Compact representations for fast nonrigid registration of medical images
Author(s)Timoner, Samson J. (Samson Joshua), 1975-
Massachusetts Institute of Technology. Dept. of Electrical Engineering and Computer Science.
W. Eric L. Grimson.
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We develop efficient techniques for the non-rigid registration of medical images by using representations that adapt to the anatomy found in such images. Images of anatomical structures typically have uniform intensity interiors and smooth boundaries. We create methods to represent such regions compactly using tetrahedra. Unlike voxel-based representations, tetrahedra can accurately describe the expected smooth surfaces of medical objects. Furthermore, the interior of such objects can be represented using a small number of tetrahedra. Rather than describing a medical object using tens of thousands of voxels, our representations generally contain only a few thousand elements. Tetrahedra facilitate the creation of efficient non-rigid registration algorithms based on finite element methods (FEM). We create a fast, FEM-based method to non-rigidly register segmented anatomical structures from two subjects. Using our compact tetrahedral representations, this method generally requires less than one minute of processing time on a desktop PC. We also create a novel method for the non-rigid registration of gray scale images. To facilitate a fast method, we create a tetrahedral representation of a displacement field that automatically adapts to both the anatomy in an image and to the displacement field. The resulting algorithm has a computational cost that is dominated by the number of nodes in the mesh (about 10,000), rather than the number of voxels in an image (nearly 10,000,000). For many non-rigid registration problems, we can find a transformation from one image to another in five minutes. This speed is important as it allows use of the algorithm during surgery.(cont.) We apply our algorithms to find correlations between the shape of anatomical structures and the presence of schizophrenia. We show that a study based on our representations outperforms studies based on other representations. We also use the results of our non-rigid registration algorithm as the basis of a segmentation algorithm. That algorithm also outperforms other methods in our tests, producing smoother segmentations and more accurately reproducing manual segmentations.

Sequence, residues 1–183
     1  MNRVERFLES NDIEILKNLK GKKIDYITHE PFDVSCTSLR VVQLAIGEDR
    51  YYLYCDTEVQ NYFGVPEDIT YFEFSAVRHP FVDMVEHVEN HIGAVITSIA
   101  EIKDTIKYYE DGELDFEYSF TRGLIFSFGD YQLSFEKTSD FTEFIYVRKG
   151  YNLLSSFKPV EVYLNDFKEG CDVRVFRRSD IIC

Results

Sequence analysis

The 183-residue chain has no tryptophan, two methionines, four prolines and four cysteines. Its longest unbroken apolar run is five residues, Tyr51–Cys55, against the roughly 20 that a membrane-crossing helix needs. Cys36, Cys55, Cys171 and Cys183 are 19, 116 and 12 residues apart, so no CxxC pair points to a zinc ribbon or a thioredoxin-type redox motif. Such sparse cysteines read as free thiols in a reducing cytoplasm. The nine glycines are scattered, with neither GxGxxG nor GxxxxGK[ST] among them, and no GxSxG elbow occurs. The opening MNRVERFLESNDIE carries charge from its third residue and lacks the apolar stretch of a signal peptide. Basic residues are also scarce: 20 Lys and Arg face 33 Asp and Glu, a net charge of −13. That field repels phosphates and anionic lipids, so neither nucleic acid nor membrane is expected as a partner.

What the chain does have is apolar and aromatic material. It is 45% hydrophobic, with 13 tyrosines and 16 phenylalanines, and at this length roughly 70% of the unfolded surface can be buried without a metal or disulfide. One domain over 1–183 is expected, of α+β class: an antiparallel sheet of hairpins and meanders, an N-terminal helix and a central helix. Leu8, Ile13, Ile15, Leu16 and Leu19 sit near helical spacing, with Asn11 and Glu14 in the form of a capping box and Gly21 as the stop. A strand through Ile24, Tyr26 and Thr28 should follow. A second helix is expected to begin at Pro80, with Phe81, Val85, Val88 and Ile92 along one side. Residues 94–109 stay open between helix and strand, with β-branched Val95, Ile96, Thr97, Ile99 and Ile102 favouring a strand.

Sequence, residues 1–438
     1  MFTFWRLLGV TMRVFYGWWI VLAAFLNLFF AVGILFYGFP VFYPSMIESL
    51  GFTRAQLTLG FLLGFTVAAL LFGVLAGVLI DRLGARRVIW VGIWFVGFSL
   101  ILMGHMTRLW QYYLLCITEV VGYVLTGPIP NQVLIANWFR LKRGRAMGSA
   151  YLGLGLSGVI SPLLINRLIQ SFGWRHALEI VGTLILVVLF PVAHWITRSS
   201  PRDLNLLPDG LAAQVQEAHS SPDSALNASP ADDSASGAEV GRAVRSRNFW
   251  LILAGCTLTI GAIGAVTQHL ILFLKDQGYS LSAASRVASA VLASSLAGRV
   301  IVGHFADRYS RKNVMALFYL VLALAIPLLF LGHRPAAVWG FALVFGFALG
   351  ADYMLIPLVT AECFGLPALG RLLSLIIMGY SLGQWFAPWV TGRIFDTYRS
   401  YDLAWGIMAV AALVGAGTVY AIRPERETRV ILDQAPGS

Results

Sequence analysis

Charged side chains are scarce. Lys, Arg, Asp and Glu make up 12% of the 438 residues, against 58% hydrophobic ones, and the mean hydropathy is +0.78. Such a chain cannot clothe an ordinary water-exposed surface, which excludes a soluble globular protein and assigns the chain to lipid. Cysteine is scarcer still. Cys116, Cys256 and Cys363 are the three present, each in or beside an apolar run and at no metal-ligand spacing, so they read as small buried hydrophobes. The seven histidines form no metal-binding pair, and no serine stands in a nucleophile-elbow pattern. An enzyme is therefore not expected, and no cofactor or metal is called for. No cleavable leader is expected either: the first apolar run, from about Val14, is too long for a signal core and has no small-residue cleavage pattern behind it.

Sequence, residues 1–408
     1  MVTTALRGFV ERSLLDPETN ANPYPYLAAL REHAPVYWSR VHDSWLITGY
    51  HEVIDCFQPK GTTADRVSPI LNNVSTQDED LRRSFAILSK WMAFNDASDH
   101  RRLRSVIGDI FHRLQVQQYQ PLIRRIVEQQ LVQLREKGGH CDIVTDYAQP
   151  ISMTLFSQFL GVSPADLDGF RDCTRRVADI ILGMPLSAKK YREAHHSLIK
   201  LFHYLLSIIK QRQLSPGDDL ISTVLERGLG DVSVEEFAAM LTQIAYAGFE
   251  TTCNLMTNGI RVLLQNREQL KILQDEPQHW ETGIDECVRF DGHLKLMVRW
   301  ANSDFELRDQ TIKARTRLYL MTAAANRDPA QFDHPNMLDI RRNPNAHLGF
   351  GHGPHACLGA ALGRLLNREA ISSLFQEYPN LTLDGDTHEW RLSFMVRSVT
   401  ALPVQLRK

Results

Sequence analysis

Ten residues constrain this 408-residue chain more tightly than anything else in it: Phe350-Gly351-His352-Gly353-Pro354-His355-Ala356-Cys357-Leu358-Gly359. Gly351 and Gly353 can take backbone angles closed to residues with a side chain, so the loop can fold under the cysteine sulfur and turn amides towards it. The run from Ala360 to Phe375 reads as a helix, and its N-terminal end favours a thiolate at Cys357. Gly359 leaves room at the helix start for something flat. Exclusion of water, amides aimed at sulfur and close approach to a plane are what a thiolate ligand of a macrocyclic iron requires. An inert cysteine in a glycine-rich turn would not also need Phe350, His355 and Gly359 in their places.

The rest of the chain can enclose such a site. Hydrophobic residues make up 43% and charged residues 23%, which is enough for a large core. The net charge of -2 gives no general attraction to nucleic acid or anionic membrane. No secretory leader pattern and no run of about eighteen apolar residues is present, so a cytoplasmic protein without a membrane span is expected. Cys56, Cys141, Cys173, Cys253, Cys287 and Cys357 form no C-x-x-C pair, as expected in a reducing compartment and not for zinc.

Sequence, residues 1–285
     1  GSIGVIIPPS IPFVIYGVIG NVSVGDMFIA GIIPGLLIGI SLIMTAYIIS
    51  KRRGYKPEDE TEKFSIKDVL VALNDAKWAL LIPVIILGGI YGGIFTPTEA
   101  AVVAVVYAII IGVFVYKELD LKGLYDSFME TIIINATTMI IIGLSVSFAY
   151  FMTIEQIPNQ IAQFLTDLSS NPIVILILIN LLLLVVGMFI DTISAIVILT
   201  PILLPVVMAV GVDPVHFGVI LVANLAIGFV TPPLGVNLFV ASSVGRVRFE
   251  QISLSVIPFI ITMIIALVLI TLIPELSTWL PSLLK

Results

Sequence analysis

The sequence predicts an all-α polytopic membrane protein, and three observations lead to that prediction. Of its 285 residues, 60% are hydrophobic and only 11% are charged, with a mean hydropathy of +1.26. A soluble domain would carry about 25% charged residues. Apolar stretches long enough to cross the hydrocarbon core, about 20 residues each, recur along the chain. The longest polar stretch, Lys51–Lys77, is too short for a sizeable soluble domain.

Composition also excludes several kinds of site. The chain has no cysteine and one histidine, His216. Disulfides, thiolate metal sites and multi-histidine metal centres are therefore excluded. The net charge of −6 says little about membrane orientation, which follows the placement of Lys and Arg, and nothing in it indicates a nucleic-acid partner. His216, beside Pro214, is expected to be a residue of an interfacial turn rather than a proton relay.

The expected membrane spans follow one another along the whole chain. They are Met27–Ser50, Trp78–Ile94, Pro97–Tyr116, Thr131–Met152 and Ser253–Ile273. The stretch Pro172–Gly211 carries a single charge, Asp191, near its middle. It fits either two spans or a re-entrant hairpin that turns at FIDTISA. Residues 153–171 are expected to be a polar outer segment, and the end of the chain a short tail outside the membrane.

Thesis (Ph. D.)--Massachusetts Institute of Technology, Dept. of Electrical Engineering and Computer Science, 2003.Includes bibliographical references (p. 167-179).
DepartmentMassachusetts Institute of Technology. Dept. of Electrical Engineering and Computer Science.; Massachusetts Institute of Technology. Department of Electrical Engineering and Computer Science
Massachusetts Institute of Technology
Electrical Engineering and Computer Science.